In geomorphology several authors have discussed the fractal nature of coastlines and drainage networks, significantly quantified by the fractal dimension (D(f)), even if many other landscapes features show an intrinsic geometric irregularity. Starting from the preliminary results of a previous stud), (DELLA SETA et al. 2003), the aim of the present work is to test the power of the fractal analysis of contour lines and topographic surfaces in the morphological study of volcanic areas. In volcanic terrains, the relationships between fractal dimension, principal morphogenetic processes and elapsed time since the beginning of activity may be better constrained than in many other environments. Three volcanic areas of Italy, of varying size, have been compared by means of their fractal characteristics. Fractal dimensions of contour lines (interval <= 100 m) have been calculated using the box-counting and the compass-walk methods, while the fractal analysis of topographic surfaces has been performed, after creating DEMs, through the variogram method. Results obtained show that the D(f) values of contour lines vary according to their geometrical modifications induced by the type of main exogenous agent, even if this is not necessarily a one-to-one relationship. Moreover, the D(f) of contour lines provides a measure of the intensity of morphogenetic processes which, within the same volcanic area, generally changes with the relative age of the outcropping products. On the other hand, the D(f) of the topogaphic surface seems to typify regional morphostructures created by the major effort of endogenous forces.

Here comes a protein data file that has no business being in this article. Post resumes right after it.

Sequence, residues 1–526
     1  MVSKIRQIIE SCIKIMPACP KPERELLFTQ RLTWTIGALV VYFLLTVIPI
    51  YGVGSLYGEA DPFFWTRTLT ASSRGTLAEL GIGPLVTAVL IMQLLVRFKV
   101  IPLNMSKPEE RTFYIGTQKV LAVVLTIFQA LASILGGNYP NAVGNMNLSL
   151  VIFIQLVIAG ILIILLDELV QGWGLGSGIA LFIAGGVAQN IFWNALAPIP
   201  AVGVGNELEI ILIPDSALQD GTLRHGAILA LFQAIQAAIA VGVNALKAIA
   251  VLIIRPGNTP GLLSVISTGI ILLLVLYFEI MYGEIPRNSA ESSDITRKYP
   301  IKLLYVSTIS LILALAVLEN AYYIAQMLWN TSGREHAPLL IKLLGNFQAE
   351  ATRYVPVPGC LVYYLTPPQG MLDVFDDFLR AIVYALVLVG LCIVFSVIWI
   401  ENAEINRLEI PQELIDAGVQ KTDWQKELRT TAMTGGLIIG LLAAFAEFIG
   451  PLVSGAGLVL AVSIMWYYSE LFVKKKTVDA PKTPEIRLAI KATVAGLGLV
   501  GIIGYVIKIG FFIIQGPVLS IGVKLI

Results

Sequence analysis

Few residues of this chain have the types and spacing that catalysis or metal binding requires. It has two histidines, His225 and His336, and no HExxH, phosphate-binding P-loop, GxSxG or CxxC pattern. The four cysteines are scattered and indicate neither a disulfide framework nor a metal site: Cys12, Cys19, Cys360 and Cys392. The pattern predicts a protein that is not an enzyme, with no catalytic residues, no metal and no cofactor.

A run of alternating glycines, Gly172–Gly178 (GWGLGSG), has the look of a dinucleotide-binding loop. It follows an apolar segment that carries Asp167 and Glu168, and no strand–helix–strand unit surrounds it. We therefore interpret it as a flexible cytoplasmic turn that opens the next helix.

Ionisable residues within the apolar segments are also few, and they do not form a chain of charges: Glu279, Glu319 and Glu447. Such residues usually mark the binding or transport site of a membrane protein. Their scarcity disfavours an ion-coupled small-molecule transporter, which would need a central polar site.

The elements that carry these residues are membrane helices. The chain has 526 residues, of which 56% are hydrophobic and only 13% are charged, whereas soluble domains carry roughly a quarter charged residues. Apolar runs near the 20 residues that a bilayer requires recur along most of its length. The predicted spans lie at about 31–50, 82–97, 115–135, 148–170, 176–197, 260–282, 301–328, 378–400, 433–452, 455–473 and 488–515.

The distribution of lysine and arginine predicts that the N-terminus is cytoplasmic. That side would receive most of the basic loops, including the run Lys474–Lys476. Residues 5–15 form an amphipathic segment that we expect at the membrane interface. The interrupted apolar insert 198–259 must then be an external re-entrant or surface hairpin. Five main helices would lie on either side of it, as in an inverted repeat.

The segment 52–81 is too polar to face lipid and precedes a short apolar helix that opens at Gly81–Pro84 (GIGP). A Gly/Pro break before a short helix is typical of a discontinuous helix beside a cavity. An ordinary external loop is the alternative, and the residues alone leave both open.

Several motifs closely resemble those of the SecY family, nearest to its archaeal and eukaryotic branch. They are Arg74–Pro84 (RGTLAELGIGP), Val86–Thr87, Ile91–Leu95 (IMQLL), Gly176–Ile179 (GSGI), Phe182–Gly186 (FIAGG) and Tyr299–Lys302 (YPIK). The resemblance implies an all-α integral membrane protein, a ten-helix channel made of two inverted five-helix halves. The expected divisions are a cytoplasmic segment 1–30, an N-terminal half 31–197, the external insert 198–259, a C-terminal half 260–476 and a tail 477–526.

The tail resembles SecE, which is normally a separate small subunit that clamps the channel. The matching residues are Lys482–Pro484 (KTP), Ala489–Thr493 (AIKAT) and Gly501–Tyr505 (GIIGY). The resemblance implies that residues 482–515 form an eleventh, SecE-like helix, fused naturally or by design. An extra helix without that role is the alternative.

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|Titolo:||Fractal analysis and morphological evolution of volcanic relief: some examples from Italy|
|Data di pubblicazione:||2005|
|Appartiene alla tipologia:||01a Articolo in rivista|